This comes from the Interference of Photons section in the book The Principles of Quantum Mechanics by P Dirac:
We shall discuss the description which quantum mechanics provides of the interference. Suppose we have a beam of light which is passed through some kind of interferometer, so that it gets split up into two components and the two components are subsequently made to interfere. We may, as in the preceding section, take an incident beam consisting of only a single photon and inquire what will happen to it as it goes through the apparatus. This will present to us the difficulty of the conflict between the wave and corpuscular theories of light in an acute form.
Corresponding to the description that he had in the case of the polarization, we must now describe the photon as going partly into each of the two components into which the incident beam is split. The photon is then, as we may say, in a translational state given by the superposition of the two translational states associated with the two components. We are thus lead to a generalization of the term "translational state" applied to a photon. For a photon to be in a definite translational state it need not be associated with one single beam of light, but may be associated with two or more beams of light which are the components into which one original beam has been split. In the accurate mathematical theory each translational state is associated with one of the wave functions of ordinary wave optics, which wave function may describe either a single beam or two or more beams into which one original beam has been split. Translational states are thus superposable in a similar way to wave functions.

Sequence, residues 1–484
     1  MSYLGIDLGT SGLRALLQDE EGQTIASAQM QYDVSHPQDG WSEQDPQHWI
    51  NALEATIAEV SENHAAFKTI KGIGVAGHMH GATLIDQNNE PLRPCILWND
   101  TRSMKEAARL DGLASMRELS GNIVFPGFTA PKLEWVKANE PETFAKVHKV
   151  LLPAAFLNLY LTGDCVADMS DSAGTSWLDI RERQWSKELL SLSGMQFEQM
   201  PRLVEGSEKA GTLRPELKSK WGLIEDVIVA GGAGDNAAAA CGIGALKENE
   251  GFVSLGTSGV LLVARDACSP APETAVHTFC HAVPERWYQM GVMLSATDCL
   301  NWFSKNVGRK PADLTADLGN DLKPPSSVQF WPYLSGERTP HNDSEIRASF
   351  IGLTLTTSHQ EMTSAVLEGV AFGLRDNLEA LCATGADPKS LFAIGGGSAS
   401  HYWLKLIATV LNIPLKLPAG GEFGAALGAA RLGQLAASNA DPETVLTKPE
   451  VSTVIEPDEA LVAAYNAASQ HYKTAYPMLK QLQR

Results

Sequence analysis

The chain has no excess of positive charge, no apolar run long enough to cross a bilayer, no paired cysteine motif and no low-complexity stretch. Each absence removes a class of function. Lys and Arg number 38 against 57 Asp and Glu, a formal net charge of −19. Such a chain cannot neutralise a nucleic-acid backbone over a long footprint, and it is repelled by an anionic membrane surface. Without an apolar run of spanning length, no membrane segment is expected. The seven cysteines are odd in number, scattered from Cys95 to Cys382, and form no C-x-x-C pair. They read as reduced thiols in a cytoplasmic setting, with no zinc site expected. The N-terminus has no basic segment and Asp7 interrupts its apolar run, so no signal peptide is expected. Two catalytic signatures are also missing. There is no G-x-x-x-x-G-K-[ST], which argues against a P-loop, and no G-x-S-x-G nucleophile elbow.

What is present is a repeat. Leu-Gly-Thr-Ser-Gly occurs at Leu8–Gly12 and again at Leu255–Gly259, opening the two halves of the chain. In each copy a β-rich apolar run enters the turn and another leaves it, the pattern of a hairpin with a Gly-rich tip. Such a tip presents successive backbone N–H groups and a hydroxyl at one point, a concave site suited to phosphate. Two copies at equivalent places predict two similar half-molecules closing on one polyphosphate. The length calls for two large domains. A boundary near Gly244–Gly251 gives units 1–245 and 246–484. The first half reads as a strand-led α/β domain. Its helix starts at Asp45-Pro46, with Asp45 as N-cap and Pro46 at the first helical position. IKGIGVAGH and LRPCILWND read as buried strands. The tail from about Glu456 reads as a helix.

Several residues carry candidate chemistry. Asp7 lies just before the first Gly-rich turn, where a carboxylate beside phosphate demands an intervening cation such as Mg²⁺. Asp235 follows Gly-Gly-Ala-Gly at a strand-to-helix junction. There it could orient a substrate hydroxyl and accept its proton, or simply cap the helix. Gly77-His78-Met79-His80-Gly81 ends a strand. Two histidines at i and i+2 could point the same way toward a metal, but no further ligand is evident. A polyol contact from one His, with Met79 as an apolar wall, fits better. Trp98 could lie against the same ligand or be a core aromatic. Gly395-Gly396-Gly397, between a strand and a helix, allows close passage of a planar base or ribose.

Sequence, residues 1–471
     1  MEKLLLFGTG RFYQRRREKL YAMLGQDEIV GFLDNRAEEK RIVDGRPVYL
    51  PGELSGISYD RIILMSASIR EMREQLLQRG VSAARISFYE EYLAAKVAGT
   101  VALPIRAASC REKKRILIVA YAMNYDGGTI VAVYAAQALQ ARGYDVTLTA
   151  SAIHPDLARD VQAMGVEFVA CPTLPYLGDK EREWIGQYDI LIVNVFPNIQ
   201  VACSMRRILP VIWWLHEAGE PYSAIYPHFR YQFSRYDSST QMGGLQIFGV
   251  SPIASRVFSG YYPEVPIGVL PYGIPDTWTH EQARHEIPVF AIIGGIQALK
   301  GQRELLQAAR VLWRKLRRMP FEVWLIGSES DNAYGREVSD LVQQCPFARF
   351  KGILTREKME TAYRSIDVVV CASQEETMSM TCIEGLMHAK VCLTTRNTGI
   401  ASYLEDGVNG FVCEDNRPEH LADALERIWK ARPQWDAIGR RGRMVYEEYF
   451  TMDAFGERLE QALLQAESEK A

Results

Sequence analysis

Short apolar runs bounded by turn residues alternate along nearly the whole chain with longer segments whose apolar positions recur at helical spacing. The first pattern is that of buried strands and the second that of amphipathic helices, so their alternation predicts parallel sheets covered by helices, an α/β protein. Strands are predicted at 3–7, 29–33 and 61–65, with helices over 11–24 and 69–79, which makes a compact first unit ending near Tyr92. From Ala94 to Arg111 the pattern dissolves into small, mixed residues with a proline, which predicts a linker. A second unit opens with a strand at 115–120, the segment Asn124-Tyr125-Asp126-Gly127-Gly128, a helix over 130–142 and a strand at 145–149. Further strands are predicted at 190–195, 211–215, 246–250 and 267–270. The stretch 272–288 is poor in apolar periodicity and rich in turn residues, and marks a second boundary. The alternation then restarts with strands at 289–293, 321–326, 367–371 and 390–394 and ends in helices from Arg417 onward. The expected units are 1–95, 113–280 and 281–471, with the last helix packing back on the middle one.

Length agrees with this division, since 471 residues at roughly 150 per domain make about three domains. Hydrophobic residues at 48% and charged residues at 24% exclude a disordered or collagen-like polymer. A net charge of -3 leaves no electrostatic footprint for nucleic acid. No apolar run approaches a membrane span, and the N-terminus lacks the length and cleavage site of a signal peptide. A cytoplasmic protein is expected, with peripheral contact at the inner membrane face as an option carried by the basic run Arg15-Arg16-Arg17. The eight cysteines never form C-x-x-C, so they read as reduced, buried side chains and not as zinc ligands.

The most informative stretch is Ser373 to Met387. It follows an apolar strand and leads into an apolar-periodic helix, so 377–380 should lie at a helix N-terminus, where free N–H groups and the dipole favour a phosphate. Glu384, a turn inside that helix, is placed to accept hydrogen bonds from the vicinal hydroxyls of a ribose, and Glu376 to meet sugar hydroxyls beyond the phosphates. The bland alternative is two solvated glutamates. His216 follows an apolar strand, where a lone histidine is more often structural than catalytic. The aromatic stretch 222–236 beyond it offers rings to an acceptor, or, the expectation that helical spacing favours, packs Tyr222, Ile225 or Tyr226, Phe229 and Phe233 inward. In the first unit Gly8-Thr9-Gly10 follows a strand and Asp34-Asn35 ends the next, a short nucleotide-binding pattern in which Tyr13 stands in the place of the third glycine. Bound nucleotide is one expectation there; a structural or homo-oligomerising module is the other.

Is this the view held by leading physicists today?
Can we really talk of the incident and exiting photon in the beam splitter being the same photon?
Is Dirac saying that the photon is partly in the two split beams, but no where else in space?